The Sun/AMD alliance was intended to kill Itanium- and appears to have succeeded - by forcing Intel to offer (and Microsoft to support) 64bit extensions on the x86 architecture. Think of the whole thing as a replay of AMD's victory over the Pentium Pro with the k5/6 series - the Pro was the better CPU (and became the Xeon) but the k5/6 ran 16bit code much faster - and Intel got forced back.
      <P>

      All of Sun's real research muscle -and there's a lot of it- is behind throughout computing. Even the engineers seconded to AMD in 2001/2 (at least those still with Sun) are now working on Rock and Niagara. Stay tuned, these are world beaters - orders of magnitude more powerful than Xeon.
      murph_z
      • I don't have much confidence in Sun

        I don?t have much confidence in Sun, but that's just my opinion. They seem to be all over the place. First they're all for Linux, now they're slamming them. First they?re against Solaris x86, now they?re behind it. A lot of their low and medium end offerings are on AMD dual-cores and their high-end servers are going to Sparc64. I could be wrong and you could be right about Sun?s Rock and Niagara chips, but I personally just wouldn?t put any money on Sun.

        As for your history lesson on CPUs, I tend to disagree. AMD never had a good product until the arrival of the Athlon. Before the Athlon, their CPUs were horrible for floating point performance. Back then, AMD lost a lot of credibility with their processor rating scheme where they exaggerated their performance rating numbers and recently they tried to do that again with their Athlon 3200+ speed ratings.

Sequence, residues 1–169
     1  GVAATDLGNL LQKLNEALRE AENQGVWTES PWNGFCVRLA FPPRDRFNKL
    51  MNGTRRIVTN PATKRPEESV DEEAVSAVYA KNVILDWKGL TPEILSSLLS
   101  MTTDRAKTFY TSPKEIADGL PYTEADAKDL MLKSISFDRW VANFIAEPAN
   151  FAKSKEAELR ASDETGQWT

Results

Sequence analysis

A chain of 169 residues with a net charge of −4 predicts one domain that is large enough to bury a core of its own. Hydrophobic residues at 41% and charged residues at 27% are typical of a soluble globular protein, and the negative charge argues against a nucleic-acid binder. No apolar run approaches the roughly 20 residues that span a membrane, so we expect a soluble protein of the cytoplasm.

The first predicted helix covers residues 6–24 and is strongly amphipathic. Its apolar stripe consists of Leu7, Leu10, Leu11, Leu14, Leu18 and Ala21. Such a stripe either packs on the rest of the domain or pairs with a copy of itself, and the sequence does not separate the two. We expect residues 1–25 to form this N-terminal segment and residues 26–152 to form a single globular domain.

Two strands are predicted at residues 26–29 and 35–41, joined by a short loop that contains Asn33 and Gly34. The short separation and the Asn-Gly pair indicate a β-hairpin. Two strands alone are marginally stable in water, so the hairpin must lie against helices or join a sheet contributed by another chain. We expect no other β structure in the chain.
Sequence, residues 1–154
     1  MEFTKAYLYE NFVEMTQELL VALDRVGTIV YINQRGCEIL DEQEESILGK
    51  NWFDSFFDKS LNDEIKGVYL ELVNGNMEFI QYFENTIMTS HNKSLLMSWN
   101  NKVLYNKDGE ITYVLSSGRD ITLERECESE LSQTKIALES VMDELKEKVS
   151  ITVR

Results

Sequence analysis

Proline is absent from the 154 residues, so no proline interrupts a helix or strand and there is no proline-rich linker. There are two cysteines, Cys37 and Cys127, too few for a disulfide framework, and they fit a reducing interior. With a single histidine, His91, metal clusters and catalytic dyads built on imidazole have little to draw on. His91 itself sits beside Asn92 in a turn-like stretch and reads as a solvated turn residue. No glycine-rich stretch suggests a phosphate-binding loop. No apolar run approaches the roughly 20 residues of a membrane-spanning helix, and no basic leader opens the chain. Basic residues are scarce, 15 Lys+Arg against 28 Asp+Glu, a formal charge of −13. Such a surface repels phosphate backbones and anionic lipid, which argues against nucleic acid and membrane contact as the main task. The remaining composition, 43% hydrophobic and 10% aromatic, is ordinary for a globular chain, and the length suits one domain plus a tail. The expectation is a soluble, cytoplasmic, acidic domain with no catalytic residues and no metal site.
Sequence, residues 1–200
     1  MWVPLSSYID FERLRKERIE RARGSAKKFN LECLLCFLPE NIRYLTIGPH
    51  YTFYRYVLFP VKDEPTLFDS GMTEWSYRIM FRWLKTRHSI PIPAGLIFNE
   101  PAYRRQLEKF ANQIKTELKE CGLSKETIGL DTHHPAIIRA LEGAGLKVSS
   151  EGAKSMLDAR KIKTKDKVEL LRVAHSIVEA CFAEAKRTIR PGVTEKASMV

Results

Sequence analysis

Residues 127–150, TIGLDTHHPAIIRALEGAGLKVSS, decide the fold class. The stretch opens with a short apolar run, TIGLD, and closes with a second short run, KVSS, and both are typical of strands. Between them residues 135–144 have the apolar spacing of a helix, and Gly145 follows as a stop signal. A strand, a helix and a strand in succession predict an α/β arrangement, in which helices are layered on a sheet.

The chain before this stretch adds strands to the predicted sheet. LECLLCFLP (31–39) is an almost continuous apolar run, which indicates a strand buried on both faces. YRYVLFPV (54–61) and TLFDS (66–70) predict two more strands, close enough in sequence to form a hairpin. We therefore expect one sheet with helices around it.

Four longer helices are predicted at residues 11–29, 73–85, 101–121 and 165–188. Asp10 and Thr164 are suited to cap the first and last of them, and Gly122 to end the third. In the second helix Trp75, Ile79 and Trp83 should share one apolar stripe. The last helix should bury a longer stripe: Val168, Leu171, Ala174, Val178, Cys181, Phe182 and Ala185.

In the current single core race, the Intel CPUs have a slight edge on AMD, but the AMD dual-cores are killing the dual-core Intel chips in performance while utilizing 1/2 the power. Since the coming of the Athlon, it?s pretty much been a seesaw battle between AMD and Intel for the performance crown. While you're right about AMD's 64 bit strategy forcing Intel to embrace 64 bit extensions, I think you give too much credit to Sun.
        george_ou
        • Yes and no

          "I don?t have much confidence in Sun, but that's just my opinion. They seem to be all over the place"

          Can you say VIKING? Sun has had many missteps in the CPU race (Viking was a replacement for some other previous chip that didn't work). UltraSparc IV is the latest (Fujitsu to the rescue!).

          OTOH, Sun has had breakthroughs also. The original SPARC put them in the workstation lead for good (bye, bye Apollo), and their "open" licensing for SPARC DID net them Fujitsu (the terms of the license are darn good). I think SPARC has helped BOTH Fujitsu and Sun.